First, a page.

So, sadly I cannot vote for you on Thursday, even though I believe you are a good constituency MP – you’ve written in support of my partner’s PIP appeal – and have an admirable record in Parliament, not least on environmental issues that are close to my heart and current activism. I admit that if your majority were less secure, I would be agonising more on whether to vote for you or the Green candidate. Yet, I expect that you will understand my decision and hope that one day soon you will be able to let me know that the Labour Party is once again a safe political home for progressive Jews.

With best wishes,

Jon Simons

Peace in the rear-view mirror and over the horizon

“My answer to racism! The Joint List”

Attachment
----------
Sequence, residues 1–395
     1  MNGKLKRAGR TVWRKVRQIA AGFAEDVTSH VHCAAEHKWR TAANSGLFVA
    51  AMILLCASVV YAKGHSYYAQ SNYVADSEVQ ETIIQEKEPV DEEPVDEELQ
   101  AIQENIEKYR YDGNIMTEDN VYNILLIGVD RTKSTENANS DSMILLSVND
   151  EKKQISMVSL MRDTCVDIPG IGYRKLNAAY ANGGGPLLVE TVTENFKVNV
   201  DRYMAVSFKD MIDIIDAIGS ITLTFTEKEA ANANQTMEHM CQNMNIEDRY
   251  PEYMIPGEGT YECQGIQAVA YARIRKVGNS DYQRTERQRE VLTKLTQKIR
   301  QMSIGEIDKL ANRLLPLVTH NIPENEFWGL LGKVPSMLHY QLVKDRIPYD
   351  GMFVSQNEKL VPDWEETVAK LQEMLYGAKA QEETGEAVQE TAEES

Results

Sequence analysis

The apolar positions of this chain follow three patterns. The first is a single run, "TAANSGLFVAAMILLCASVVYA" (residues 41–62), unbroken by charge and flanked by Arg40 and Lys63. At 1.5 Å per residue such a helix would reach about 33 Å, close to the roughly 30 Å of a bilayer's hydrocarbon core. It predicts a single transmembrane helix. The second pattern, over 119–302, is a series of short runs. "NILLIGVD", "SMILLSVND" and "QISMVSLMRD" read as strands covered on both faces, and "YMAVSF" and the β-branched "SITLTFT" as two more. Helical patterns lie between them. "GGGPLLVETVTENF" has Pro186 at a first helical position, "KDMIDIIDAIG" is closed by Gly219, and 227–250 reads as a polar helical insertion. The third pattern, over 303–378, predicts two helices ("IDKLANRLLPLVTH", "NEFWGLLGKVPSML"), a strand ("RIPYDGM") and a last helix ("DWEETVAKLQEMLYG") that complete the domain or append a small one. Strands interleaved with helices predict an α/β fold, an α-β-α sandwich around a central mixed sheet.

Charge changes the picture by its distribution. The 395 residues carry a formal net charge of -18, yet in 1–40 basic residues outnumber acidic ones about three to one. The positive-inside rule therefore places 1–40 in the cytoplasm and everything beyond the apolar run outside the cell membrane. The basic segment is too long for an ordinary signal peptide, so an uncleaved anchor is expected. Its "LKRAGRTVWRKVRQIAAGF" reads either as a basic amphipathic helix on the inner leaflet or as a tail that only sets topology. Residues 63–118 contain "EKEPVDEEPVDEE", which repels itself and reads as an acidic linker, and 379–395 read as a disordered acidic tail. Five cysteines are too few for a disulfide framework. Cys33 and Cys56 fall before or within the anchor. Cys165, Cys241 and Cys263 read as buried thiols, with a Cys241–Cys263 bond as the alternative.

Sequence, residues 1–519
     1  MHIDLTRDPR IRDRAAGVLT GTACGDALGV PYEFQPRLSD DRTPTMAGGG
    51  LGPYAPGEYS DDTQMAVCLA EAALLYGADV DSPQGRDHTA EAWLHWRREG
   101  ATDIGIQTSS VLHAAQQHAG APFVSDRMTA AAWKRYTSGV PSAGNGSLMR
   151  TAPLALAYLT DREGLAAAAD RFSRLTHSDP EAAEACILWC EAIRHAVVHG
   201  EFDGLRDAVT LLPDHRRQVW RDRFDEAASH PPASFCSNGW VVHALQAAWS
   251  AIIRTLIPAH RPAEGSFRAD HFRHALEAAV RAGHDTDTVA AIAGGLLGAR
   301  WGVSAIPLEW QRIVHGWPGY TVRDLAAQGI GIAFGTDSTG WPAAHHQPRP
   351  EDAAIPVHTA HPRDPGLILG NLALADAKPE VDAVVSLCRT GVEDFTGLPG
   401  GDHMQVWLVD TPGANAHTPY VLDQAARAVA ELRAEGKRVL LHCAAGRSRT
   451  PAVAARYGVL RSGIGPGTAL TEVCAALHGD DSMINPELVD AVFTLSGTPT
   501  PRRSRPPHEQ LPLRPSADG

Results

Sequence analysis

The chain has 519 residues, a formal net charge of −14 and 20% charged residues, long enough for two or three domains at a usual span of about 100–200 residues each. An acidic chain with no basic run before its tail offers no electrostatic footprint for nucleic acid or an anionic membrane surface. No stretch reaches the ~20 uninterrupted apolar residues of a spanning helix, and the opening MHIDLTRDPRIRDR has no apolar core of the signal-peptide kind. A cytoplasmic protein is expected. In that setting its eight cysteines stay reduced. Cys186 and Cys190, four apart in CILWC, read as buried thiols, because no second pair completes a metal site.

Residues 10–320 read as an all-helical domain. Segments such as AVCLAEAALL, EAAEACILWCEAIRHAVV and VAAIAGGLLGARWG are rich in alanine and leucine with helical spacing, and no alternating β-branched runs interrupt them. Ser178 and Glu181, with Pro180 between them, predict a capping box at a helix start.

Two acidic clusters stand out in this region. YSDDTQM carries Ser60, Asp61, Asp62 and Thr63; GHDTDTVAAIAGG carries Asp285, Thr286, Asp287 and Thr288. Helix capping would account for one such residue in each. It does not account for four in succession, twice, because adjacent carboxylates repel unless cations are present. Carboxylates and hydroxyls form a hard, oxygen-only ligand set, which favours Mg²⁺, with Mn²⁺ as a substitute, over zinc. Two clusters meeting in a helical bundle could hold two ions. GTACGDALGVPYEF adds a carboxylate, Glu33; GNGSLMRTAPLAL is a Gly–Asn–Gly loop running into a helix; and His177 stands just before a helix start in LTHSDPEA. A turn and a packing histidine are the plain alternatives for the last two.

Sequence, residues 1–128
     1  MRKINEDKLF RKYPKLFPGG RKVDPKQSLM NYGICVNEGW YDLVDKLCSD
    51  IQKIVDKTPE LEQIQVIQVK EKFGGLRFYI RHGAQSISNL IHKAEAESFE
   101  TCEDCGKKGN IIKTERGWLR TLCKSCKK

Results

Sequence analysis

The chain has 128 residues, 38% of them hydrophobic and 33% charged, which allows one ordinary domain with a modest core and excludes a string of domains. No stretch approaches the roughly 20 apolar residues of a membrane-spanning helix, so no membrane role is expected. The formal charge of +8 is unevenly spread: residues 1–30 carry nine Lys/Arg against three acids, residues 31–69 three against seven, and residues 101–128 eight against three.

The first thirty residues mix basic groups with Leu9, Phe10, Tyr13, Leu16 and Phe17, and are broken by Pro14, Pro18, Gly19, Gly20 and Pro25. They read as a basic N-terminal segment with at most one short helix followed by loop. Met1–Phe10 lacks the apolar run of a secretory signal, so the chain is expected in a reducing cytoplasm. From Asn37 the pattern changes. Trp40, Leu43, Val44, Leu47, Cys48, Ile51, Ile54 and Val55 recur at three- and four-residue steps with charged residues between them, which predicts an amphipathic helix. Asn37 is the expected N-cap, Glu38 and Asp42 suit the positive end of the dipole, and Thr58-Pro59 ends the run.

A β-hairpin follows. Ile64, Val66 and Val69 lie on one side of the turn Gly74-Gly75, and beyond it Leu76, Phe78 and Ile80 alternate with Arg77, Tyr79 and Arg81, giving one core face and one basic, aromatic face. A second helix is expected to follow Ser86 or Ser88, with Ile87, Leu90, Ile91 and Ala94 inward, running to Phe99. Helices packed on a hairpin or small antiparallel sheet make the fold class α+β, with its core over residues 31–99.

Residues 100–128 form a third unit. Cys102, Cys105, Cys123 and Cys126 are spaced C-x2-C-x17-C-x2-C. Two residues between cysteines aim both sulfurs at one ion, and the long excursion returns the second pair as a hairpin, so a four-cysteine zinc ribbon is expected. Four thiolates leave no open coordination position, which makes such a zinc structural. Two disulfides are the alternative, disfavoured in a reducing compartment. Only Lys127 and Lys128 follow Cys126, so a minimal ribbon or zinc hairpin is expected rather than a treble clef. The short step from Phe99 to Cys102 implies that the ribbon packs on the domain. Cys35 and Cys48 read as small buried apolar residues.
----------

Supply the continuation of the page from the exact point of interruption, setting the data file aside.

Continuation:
Tonight (March 17 2015) it’s probably too early to say for certain what the next Israeli government will look like, but according to the exit polls and the first actual results of the election today, it’s almost certain that Netanyahu will form the next government. And in his victory speech, he promised that it would be a nationalist government. It is certainly too early to explain his and his Likud party’s surprising recovery in the few days preceding the election from their low standing in recent opinion polls. Likud activists were calling Netanyahu a “magician” at their victory celebrations. What sort of magician he is and what sort of national(ist) government he will head can be surmised from a couple of Netanyahu’s moves in his almost single-handed reversal of fortune.